I rise today to commemorate the life of a great Australian, Professor David Cooper AO, who was taken prematurely from us a few months ago. Professor Cooper made an outstanding contribution in the field of HIV and AIDS. He leaves behind an incredible legacy of world-class, cutting-edge research, the influence and impact of which extends well beyond Australia to right around the world. He leaves behind so many Australians who owe their own lives to his work and care.

Less than two weeks ago, I joined over 1,000 people at a memorial service at Sydney Town Hall to remember his life and his extraordinary work in our health sector. As one of those who spoke at the service was to comment, David Cooper was the right man, in the right place at the right time. In 1981 he travelled to Boston Massachusetts and worked as a research fellow in cancer immunology. This trip coincided with the outbreak of HIV/AIDS in the United States. Sadly, on his return to St Vincent’s Hospital, he recognised the same illness in Australian men. At this time, AIDS was barely understood. It attracted the condemnation of some and was feared by many. Indeed, initially HIV wasn’t even used to describe this terrible disease. Yet Professor Cooper had no hesitation in becoming an evidence based medical voice in what had become an emotive, highly-charged public discussion. At the memorial service Michael Kirby, who lent his name to the institution that was at the centre of much of Professor Cooper’s work, said:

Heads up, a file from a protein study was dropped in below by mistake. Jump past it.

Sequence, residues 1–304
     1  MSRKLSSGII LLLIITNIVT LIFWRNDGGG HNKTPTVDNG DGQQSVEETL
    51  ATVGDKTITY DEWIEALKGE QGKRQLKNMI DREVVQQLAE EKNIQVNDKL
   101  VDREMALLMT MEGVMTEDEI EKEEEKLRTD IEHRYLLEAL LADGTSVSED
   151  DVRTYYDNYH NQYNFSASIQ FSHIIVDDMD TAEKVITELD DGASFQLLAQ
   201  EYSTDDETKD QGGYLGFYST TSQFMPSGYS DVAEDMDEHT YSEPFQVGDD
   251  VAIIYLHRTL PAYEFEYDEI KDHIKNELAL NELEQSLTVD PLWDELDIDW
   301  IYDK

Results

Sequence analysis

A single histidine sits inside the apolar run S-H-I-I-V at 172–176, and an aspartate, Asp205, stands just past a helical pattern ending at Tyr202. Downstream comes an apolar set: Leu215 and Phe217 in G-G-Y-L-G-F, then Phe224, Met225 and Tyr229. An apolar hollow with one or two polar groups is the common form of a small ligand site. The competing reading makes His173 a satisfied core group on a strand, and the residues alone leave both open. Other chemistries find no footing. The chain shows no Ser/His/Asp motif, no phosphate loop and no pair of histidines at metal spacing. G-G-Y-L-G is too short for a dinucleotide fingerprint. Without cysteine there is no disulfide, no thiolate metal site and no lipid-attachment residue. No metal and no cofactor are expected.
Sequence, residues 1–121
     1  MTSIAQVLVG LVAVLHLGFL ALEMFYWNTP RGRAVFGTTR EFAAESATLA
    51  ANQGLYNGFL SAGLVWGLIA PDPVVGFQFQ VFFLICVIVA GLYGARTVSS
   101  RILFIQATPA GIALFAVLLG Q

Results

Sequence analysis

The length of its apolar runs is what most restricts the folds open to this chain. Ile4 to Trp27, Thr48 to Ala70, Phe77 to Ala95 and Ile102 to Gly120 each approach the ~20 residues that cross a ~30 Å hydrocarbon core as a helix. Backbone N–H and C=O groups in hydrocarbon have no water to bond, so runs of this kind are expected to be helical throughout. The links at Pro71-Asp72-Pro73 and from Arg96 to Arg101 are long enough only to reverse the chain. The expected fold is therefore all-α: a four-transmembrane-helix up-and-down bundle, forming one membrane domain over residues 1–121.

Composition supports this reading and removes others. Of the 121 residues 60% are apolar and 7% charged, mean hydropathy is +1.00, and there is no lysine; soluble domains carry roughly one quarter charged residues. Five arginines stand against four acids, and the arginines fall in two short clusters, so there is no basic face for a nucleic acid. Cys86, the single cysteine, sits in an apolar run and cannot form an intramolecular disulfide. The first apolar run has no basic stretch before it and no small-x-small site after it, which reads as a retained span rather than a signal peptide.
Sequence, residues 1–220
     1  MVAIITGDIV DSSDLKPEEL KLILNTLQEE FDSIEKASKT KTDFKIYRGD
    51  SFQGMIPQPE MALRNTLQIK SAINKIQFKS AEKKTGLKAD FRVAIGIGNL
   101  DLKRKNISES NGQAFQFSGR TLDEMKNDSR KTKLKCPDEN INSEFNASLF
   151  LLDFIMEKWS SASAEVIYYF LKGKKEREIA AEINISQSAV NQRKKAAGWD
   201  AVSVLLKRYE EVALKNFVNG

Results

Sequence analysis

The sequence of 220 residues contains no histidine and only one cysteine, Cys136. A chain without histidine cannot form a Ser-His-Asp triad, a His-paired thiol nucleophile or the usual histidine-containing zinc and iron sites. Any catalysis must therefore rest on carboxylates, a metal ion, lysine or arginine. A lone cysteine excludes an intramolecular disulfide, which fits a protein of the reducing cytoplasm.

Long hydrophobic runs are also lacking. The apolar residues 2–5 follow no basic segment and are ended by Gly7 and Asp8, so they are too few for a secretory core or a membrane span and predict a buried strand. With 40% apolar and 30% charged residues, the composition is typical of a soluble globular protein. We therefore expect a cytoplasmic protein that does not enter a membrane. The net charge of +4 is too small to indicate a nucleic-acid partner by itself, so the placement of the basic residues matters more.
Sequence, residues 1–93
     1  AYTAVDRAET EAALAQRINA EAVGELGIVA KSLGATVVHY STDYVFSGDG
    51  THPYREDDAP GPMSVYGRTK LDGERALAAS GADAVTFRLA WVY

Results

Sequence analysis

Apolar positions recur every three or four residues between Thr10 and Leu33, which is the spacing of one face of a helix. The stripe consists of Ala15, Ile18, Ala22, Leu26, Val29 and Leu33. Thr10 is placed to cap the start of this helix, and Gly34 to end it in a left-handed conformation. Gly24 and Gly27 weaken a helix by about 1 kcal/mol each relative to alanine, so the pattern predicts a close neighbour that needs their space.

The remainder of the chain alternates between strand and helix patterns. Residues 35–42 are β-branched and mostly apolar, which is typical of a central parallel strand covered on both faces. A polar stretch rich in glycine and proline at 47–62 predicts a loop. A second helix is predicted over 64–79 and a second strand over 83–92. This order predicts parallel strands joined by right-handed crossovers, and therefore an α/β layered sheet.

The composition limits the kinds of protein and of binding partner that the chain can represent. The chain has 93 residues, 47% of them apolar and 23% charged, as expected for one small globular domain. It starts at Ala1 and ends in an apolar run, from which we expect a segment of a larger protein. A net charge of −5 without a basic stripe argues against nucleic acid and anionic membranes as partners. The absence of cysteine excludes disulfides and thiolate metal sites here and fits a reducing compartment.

David Cooper was tireless in the preparation. He was superbly professional. He gathered together a magnificent team. He reached out, beyond our country. We should be proud of such a scientist and of our country, its universities and the institutions, that produced him. His family that nurtured him. His religion that taught him. The patients that loved him. But he was not ours alone. He belonged to the world of science. Today we honour him as a global hero.

As an academic, Professor Cooper’s research and discoveries are substantial, including his seminal paper on seroconversion illness. In the course of his career he published over 800 scientific papers. In 1986 Professor Cooper was named director of the newly founded National Centre of HIV Epidemiology in Clinical Research. This centre later became the Kirby Institute. He worked there until his death.

Professor Cooper was truly a global leader in treating HIV/AIDS, be it in our own region or in places like Africa, where the disease has caused such devastation. His contribution on HIV/AIDS and infectious diseases was recognised when he was appointed an Officer of the Order of Australia in 2003. This award was posthumously upgraded to Companion of the Order of Australia in this year’s Queen’s Birthday Honours List—the highest honour that can be bestowed by our nation.

David is survived by his wife, Dorrie, and his two daughters, Becky and Ilana. To a life well lived in the service of other I pay tribute. Vale Professor David Cooper.